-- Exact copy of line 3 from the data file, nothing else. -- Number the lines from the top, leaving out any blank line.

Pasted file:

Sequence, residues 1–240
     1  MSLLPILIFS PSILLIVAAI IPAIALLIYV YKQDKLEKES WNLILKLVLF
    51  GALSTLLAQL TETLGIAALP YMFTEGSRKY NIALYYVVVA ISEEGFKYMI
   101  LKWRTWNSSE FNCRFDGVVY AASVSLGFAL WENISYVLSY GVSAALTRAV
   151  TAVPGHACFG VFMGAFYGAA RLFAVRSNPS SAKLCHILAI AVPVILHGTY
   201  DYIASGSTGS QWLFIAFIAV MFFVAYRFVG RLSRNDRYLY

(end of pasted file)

    51  GALSTLLAQL TETLGIAALP YMFTEGSRKY NIALYYVVVA ISEEGFKYMI